benefits by examining both the increases and the persistent disparities in college
        participation and completion. In the three years between the publication of Education
        Pays 2007 and Education Pays 2010, median earnings for four-year college graduates
        increased more rapidly than those of high school graduates and the gap between the
        unemployment rates of the two groups grew. In addition to earnings comparisons, the
        report documents differences in lifestyles, health, and other outcomes for people with and
        without college education. Differences in enrollment and completion patterns across
        demographic groups highlight the reality that gaps in educational attainment are
        explained by a combination of money and other factors.

‘The Edupunks Guide’ Offers DIY Path to a Credential
Marc Parry, The Chronicle, August 11, 2011
       A new e-book seeks to help learners use online resources to chart alternative paths to
       affordable credentials. The free book, called The Edupunks’ Guide to a DIY Credential, is
       directed at low-income students. But its author, Anya Kamenetz, said in a blog post that
       she also hopes to reach professors and administrators who want to take advantage of
       “the latest technology, social media, and collaborative learning” to cut costs while
       improving education.

        Download the e-book The Edupunks’ Guide to a DIY Credential here.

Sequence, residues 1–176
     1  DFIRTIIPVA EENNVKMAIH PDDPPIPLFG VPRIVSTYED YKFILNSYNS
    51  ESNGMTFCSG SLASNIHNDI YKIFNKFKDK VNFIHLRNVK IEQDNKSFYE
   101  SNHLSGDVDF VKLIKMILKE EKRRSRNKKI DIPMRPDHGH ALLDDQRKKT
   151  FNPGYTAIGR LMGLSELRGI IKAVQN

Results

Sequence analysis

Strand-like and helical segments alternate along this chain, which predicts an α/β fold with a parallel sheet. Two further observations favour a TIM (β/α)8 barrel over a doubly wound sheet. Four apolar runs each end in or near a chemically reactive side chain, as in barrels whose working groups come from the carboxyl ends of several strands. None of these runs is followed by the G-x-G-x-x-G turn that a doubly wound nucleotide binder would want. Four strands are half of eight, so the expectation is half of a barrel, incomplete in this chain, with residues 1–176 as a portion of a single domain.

Are Community Colleges an Answer?
A Comparison of College Affordability Indexes among City, Suburban, Town, and Rural Public
Community Colleges
Lee Rusty Waller, Louis C. Glover, Madeline Justice, Academic Leadership Online Journal,
Spring 2010
        Although average community college tuition and fees have outstripped inflation, these
        tuition and fees have increased at a slower pace than have tuition and fees at public 4-
        year colleges. Accordingly, community colleges have emerged as an affordable
        alternative for students considering the pursuit of postsecondary education and workforce
        training. Though tuition at public community colleges is generally less than tuition at
        public 4-year colleges and universities, discrepancies appear to exist in the cost of
        attending community colleges in urban areas, suburban areas, and rural areas.